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Olson: SCOTUS confirms gays as a class

Timothy Kincaid

June 29th, 2010

In yesterday’s commentary about the Christian Legal Society’s attempts to get recognition by Hastings Law School, I noted that the Supreme Court seems to have identified gay people not in terms of behavior but as a distinct class of people:

The court confirmed its position that attempts to differentiate between behavior and identity (in religious terms, “love the sinner, hate the sin”) as distinctions without difference

While it may be premature and reaching to draw such a conclusion, it appears that the court seems to be in agreement that sexual orientation is a matter of people and not a matter of behavior.

It appears that Ted Olson, lead Theodore Boutrous, counsel in Perry v. Schwarzenegger, made the same observation. He has written a letter to Judge Walker advising him of the court’s decision and encouraging him to consider it in his decision whether to find Proposition 8 to be in violation of the US Constitution.

In Christian Legal Society, the Supreme Court definitively held that sexual orientation is not merely behavioral, but rather, that gay and lesbian individuals are an identifiable class. Writing for the Court, Justice Ginsburg explained: “Our decisions have declined to distinguish between status and conduct in this context.” Slip op. at 23 (citing Lawrence v. Texas, 539 U.S. 558, 575 (2003); id. at 583 (O’Connor, J., concurring in judgment); Bray v. Alexandria Women’s Health Clinic, 506 U.S. 263, 270 (1993)). This confirms that a majority of the Court now adheres to Justice O’Connor’s view in Lawrence, where she concluded that “the conduct targeted by [the Texas anti-sodomy] law is conduct that is closely correlated with being homosexual” and that, “[u]nder such circumstances, [the] law is targeted at more than conduct” and “is instead directed toward gay persons as a class,” id. at 583 (O’Connor, J., concurring in judgment) (emphasis added). See also Romer v. Evans, 517 U.S. 620 (1996) (treating gay and lesbian individuals as a class for equal protection purposes). The Court’s holding arose in response to Christian Legal Society’s argument that it was not discriminating on the basis of sexual orientation, but rather because gay and lesbian individuals refused to acknowledge that their conduct was morally wrong. The Court rejected that argument, holding that there is no distinction between gay and lesbian individuals and their conduct.

Poor ProtectMarriage. Almost all of their witnesses had to be pulled after failing miserably in depositions (one was called as a witness for the plaintiffs). Their sole witness was unqualified and actually hurt their cause. They had to change their “reason” for the proposition time after time (including within closing arguments). And now their argument against heightened scrutiny just skipped out the door.

If they weren’t defending discrimination based on animus and founded in a smug assumption of superiority, I might almost feel sorry for the supporters of Proposition 8.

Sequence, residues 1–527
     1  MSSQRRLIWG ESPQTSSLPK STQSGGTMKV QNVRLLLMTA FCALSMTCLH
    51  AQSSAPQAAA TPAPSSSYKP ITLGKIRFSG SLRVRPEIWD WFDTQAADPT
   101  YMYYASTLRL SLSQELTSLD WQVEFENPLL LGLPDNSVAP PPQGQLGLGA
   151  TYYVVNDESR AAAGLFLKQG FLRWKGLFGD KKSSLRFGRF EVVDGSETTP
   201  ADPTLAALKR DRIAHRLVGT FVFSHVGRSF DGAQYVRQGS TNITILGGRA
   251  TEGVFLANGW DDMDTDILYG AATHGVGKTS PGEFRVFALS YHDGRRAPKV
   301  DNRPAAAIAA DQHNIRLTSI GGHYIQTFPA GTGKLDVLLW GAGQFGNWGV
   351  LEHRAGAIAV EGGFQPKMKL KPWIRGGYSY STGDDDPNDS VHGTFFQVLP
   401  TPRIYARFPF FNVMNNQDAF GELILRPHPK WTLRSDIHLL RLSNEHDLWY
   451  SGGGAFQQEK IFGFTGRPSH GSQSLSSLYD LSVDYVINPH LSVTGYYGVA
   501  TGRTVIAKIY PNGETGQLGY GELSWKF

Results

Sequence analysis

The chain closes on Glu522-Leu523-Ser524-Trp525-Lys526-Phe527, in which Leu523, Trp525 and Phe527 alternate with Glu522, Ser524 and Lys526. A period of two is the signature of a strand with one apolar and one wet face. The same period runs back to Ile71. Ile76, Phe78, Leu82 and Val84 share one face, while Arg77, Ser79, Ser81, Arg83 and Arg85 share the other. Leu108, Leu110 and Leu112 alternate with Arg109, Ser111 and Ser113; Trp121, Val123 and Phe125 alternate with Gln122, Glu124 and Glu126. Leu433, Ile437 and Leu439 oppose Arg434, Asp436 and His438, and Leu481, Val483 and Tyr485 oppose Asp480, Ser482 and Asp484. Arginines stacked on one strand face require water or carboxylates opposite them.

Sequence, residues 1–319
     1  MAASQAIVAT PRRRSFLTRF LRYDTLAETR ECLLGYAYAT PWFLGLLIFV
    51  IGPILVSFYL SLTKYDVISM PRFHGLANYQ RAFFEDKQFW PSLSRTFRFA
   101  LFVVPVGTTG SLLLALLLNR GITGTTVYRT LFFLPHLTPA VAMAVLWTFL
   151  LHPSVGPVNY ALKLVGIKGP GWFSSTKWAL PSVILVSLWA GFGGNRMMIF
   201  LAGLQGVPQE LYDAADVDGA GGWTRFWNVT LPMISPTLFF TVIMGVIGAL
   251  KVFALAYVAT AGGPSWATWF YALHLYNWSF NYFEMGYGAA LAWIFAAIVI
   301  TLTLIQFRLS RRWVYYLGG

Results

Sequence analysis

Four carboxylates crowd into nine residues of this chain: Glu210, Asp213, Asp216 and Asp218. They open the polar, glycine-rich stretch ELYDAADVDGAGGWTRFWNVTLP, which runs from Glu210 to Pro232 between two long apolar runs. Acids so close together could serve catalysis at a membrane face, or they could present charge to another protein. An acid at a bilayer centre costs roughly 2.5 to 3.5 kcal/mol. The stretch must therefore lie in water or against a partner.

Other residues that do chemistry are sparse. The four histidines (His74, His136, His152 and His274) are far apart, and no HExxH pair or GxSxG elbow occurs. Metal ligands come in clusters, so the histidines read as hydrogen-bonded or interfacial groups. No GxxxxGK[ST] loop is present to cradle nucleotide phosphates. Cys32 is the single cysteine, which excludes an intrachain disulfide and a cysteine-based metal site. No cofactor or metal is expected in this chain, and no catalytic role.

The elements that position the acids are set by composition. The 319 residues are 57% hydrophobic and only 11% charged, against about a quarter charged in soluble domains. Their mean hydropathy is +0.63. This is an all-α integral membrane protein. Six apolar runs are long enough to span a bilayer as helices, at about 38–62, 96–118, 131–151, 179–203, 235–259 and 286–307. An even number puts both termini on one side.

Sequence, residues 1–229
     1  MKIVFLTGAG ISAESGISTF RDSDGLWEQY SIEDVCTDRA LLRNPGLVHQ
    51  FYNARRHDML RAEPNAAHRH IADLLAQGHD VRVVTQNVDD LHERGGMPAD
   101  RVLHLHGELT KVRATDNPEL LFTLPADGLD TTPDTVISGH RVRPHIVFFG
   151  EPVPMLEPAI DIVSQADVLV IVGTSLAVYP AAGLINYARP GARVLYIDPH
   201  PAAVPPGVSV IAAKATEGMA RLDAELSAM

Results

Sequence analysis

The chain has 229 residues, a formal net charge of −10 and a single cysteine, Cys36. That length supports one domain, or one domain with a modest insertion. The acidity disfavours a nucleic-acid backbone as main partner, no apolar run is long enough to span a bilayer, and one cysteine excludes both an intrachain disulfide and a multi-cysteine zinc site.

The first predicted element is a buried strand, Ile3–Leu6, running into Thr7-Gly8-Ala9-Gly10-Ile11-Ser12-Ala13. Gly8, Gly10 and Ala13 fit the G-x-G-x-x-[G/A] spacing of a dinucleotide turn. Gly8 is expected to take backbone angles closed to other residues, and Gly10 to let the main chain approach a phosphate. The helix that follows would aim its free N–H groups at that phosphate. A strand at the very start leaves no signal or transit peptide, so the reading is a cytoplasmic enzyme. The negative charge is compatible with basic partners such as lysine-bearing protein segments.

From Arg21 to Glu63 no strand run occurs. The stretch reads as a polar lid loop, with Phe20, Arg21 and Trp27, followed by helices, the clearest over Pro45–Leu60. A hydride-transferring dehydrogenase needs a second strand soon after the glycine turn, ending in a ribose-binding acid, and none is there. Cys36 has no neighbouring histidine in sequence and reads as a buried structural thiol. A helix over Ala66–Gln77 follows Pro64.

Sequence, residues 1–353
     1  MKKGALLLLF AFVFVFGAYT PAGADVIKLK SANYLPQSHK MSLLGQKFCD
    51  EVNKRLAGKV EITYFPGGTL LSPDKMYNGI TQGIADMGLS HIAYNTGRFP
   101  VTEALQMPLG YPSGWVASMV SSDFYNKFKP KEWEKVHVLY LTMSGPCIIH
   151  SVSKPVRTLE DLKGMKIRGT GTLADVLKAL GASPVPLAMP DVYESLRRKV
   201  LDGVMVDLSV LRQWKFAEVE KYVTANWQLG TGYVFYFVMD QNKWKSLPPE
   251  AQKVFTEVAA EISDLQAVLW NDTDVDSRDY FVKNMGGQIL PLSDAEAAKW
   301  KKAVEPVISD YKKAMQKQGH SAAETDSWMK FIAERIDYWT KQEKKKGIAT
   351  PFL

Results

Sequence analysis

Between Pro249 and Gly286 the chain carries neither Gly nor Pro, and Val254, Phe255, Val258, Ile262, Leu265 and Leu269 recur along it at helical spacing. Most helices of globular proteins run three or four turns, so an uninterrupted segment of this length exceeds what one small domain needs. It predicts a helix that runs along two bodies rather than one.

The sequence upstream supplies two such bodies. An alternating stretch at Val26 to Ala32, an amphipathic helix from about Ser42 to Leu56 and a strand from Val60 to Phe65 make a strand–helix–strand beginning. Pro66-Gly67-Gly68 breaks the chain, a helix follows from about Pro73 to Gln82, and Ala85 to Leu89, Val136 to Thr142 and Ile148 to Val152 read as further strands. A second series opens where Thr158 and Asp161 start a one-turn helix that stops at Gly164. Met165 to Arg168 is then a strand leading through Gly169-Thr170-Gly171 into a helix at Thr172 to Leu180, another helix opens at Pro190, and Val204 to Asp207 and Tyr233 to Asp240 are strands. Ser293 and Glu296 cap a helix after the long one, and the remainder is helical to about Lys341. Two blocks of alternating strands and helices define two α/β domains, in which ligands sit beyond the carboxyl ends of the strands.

June 29th, 2010 | LINK

And yet I doubt all the gaping holes in their case will sway Scalia, Alito, Thomas, or Roberts. They’ll just concoct a more nuanced pile of BS to replace the garbage offered by Protect Marriage.

Keep your fingers crossed that neither Kennedy or Kagan screws us over for generations.

Ben in Oakland
June 29th, 2010 | LINK


Lindoro Almaviva
June 29th, 2010 | LINK

I can imagine the line of bricks that lines their office spaces, parking lots and conference rooms…

Paul in Canada
June 29th, 2010 | LINK

Defining GLBTQ as a ‘class’ was the basis for recognizing same-sex rights in Canada.

Timothy Kincaid
June 29th, 2010 | LINK


I’m not even sure that those four will go all go for ProtectMarriage’s argument. We cannot assume that they will always take the anti-gay position just because it is anti-gay.

Recall that only Thomas dissented in Roe v. Reed.

June 30th, 2010 | LINK

This is some of the best news lately.

And thanks Timothy for the reminder.

Althought the court has reversed previous decisions of previous Supreme Courts in other unrelated matters, it might be more difficult to reverse themselves in more recent matters where they seem to have been inclined to deem Gays as a class.

Of course we are all understandably impatient, but I just want to live to see it.

June 30th, 2010 | LINK

What is mind-boggling to me is the fact that so many straight people still CANNOT see the double standard they typically apply. They know beyond doubt that they themselves as straight people are not what they do. They are not the equivalent of their conduct. How is it they fail time and again to apply this to us gay people? My conduct does not make me who I am. It is simply an out-flowing, an expression of what is on the inside. It is what is on the inside that places me into another class or constituency.

Laura Kanter
June 30th, 2010 | LINK

The very fine and hopefully promising letter was written to Judge Walker by Theodore J. Boutrous Jr., one of the other attorneys for the plaintiffs in the Prop 8 Fed. trial, not by Olson.

Timothy Kincaid
June 30th, 2010 | LINK

Thanks, Laura. Corrected.

Jason D
June 30th, 2010 | LINK

Rick, because they think we’re confused straight people. Or sick straight people.

I use this comparison.

I am not a straight house covered in gay paint. I am a gay house. If you removed my homosexuality, I would have NO sexuality at all.

I don’t see how letting gay people get married is ANY different than braille added to signs, elevator floor numbers, or wheelchair accessible stalls.

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